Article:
Good Question: What is the Difference Between 1.5 and 2 Channel Audiometers?

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by Laura Prigge, AuD

As an audiologist for GSI, I often get the question about the differences between the AudioStar Pro™ and Pello™ audiometers. Since the Pello was released in 2016, GSI has been very clear that it is a 1.5 channel mid-level audiometer and that the AudioStar Pro is our 2 channel clinical audiometer. They look very similar (you can definitely tell they’re related) and “audiometry is audiometry”. So, what’s the real difference between the instruments besides the price? This blog post will unpack that question.

AudioStar Pro and Pello audiometers from Grason-Stadler

When GSI says “2 channel instrument”, it is referring to an audiometer that is able to perform all functions on both channels at the same time. The fancy way to say that is that a 2 channel clinical audiometer has two identical and independent channels. GSI’s 2 channel audiometer is the AudioStar Pro. This is the replacement for a long legacy of clinical 2 channel instruments (GSI 61 and GSI 16). This is an important distinction for hearing healthcare providers to consider. With a 2 channel audiometer, you are able to use channel one to conduct speech audiometry and have a tone stimulus routed through channel two simultaneously. It is also possible to route stimuli from both channels into the same ear for seamless pediatric testing. Both channels can present and route stimuli to any ear and transducer that is available. 2 channel clinical instruments often include several special tests such as QuickSIN, BKB-SIN, and the TEN test. With its full routing flexibility, array of sound field options, and multiple transducer capabilities, a 2 channel audiometer is the answer for complete clinical testing of all age ranges.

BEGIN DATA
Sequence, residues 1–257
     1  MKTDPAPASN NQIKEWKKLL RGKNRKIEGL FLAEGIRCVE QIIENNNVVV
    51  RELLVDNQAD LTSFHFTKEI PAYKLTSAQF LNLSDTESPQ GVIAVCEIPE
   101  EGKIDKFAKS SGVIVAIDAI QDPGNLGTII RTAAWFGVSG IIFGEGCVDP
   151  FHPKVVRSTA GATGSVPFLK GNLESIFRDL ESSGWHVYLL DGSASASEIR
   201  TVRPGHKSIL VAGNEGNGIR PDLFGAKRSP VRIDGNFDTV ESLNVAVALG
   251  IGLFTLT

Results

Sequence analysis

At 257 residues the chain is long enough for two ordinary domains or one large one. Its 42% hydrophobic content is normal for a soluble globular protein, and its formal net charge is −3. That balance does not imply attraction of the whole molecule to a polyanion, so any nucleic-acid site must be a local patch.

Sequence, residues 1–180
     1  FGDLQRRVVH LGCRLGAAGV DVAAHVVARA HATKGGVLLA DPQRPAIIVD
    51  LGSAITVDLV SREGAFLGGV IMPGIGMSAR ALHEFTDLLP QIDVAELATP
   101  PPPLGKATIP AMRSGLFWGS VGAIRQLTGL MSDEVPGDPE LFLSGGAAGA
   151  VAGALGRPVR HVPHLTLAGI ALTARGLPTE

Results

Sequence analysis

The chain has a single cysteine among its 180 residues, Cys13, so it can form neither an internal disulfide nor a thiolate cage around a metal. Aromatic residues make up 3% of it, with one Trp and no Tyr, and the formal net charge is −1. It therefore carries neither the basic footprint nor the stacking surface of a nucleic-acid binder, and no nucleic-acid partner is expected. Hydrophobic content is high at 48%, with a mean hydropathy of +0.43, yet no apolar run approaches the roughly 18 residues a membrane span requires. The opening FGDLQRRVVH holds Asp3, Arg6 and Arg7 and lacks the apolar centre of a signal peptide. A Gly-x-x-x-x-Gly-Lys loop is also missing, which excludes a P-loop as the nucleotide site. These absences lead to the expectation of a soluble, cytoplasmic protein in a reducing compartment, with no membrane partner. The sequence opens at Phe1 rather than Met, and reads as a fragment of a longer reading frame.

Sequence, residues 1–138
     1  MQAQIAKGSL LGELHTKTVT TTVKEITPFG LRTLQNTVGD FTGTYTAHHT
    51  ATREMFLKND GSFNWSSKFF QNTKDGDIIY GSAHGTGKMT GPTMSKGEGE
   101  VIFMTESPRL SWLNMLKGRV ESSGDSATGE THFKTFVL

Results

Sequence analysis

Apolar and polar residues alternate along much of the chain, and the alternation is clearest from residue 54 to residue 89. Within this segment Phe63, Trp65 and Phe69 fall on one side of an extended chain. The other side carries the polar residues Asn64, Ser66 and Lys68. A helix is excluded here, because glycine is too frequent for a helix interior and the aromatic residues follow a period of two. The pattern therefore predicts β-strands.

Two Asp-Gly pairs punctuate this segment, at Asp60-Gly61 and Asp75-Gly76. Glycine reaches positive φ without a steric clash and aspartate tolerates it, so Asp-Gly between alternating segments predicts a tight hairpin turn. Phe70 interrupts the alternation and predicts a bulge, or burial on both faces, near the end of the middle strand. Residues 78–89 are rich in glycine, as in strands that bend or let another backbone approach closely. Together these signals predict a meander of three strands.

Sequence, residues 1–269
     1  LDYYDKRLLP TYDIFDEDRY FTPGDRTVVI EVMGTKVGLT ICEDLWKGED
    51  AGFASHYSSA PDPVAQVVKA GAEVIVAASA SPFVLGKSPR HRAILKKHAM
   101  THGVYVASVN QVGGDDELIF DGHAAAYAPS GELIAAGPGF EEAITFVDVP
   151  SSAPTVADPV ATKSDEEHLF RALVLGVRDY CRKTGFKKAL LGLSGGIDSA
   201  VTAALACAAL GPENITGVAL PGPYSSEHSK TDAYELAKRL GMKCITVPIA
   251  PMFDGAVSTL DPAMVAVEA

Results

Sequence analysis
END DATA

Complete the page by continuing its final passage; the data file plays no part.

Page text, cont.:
When GSI says “1.5 channel instrument”, it is referring to an audiometer that has limited functionality in routing. Since there’s no fancy way to say that, it means that a 1.5 channel audiometer has one channel that is ALWAYS the stimulus and the other .5 channel is always the masking. Additionally, the .5 channel is always the opposite ear from channel 1 except for very specific use cases like the Stenger test. GSI’s mid-level 1.5 channel audiometer is the GSI Pello. A major distinction between 2 channel and 1.5 channel audiometers is that mid-level (1.5 channel) audiometers do not have all the bells and whistles of clinical instruments; however, it is often possible to add functionality through licenses and modules. The GSI Pello has 4 different license options that you can add at the time of purchase or at a later date if your testing needs evolve. The standard model of GSI Pello includes air conduction, bone conduction, and speech (recorded and live voice) testing capabilities. You can add high-frequency testing, QuickSIN, BKB-SIN, Special tests, the TEN test, or classic auditory tests with additional license add-ons.

You can learn more about the AudioStar Pro 2 channel audiometer here and more about the Pello 1.5 channel audiometer here. Additionally, you can see a side-by-side breakdown of the features of both audiometers below.

A comparison chart between the AudioStar Pro and Pello